Swinging Big

February 06, 2024

By Robert Stephens

Member of the Rollins golf team; Grant and Peg Cornwell and Dana Consler
Dana Consler ’72—pictured at far right with Grant and Peg Cornwell—has recently set up a $1 million endowment for the men’s golf program.Photo by Mike Watters (left).

Dana Consler ’72 took a shot at making the Rollins golf team as a freshman. The surprising result changed his life, which is why he’s now gifting a transformational endowment to the program.

Dana Consler ’72 arrived in Winter Park from upstate New York in August 1968 with a bag full of golf clubs and a pocket full of quarters. The teenager who had never heard of Rollins until a few months earlier was about to make a bold investment in his future.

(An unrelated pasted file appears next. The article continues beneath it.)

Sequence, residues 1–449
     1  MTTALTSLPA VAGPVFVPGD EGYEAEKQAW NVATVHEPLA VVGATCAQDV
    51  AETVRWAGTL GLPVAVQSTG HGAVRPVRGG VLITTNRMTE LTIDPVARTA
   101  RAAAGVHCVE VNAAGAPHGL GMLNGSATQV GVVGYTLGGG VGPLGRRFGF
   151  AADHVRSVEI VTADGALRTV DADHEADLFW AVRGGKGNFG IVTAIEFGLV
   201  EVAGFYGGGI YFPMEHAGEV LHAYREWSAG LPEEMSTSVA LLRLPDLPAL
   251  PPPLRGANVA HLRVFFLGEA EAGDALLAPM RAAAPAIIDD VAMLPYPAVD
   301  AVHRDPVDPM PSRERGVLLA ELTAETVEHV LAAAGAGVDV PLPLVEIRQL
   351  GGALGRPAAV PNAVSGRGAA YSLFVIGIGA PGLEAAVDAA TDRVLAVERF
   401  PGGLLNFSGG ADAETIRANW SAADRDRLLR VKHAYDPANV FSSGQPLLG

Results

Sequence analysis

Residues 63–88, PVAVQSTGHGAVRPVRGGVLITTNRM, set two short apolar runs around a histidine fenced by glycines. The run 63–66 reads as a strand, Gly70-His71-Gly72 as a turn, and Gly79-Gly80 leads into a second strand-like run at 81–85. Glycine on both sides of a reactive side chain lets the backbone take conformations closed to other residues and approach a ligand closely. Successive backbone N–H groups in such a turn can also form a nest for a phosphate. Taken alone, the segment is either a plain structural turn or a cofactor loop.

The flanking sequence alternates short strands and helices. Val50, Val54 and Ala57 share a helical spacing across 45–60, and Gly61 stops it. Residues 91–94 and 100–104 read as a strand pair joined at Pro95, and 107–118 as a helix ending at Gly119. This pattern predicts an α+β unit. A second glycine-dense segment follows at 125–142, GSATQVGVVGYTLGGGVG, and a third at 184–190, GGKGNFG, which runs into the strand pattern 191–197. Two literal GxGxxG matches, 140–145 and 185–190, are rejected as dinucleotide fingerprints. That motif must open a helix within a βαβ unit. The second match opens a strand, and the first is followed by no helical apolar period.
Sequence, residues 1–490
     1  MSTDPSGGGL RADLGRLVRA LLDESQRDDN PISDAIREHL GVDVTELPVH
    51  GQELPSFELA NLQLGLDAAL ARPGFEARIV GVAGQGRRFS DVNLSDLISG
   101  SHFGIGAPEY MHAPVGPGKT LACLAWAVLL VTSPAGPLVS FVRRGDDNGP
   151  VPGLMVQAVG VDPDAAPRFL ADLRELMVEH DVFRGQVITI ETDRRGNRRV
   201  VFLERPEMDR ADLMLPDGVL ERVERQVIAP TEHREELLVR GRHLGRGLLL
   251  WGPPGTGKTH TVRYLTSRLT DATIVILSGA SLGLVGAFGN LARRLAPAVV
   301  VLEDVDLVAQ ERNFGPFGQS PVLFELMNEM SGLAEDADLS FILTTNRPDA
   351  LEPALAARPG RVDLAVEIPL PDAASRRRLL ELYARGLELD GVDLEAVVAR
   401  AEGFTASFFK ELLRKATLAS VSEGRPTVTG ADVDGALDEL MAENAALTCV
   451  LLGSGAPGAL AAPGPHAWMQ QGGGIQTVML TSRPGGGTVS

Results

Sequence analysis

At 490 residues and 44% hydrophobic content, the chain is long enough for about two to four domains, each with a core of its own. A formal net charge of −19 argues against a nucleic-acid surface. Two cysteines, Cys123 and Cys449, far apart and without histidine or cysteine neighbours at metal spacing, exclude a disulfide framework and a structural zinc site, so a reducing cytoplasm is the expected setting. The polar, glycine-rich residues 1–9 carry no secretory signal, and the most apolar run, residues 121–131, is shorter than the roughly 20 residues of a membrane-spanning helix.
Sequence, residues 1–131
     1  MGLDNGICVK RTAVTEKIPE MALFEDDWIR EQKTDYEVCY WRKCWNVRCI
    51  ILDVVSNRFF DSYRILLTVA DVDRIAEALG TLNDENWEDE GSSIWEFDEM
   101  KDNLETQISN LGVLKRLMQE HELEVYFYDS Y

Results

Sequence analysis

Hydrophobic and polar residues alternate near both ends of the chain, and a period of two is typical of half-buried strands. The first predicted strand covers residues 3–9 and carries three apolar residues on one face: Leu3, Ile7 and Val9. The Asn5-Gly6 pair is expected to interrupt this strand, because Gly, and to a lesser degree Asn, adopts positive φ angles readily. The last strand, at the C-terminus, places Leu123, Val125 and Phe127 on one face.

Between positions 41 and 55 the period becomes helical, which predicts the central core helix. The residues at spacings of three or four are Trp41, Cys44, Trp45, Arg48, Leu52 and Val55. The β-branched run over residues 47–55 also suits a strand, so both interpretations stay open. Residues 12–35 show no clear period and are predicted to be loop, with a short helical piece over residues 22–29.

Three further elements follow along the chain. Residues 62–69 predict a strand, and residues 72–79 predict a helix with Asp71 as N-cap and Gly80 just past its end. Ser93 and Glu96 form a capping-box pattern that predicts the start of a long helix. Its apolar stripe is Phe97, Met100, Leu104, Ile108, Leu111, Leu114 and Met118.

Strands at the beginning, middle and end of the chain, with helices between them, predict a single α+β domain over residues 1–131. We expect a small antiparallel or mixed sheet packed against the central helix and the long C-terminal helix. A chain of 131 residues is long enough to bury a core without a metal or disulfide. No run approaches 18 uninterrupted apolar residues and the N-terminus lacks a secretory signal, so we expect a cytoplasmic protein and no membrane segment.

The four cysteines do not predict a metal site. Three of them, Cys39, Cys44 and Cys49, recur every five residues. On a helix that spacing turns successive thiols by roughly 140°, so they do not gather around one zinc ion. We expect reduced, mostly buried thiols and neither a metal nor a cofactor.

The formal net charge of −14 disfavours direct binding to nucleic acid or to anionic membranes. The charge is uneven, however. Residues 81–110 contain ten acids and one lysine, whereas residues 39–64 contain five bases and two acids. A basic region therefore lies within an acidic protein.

“You could say I was an outlier in my high school class,” says Consler. “I wanted a different college experience, not just books and partying. I wanted some culture and to see the world. And I wanted to be in the South so I could play golf occasionally.”

More than 50 years later, Consler’s memories of his first few days on campus are as strong as his voice providing the details.

“My parents drove me down, dropped me off, and said ‘good luck.’ I couldn’t wait for the next four years to start.”

By Friday of orientation week, Consler decided it was time to see the world. So he snuck out early to explore a golf course while everyone was still learning about college life.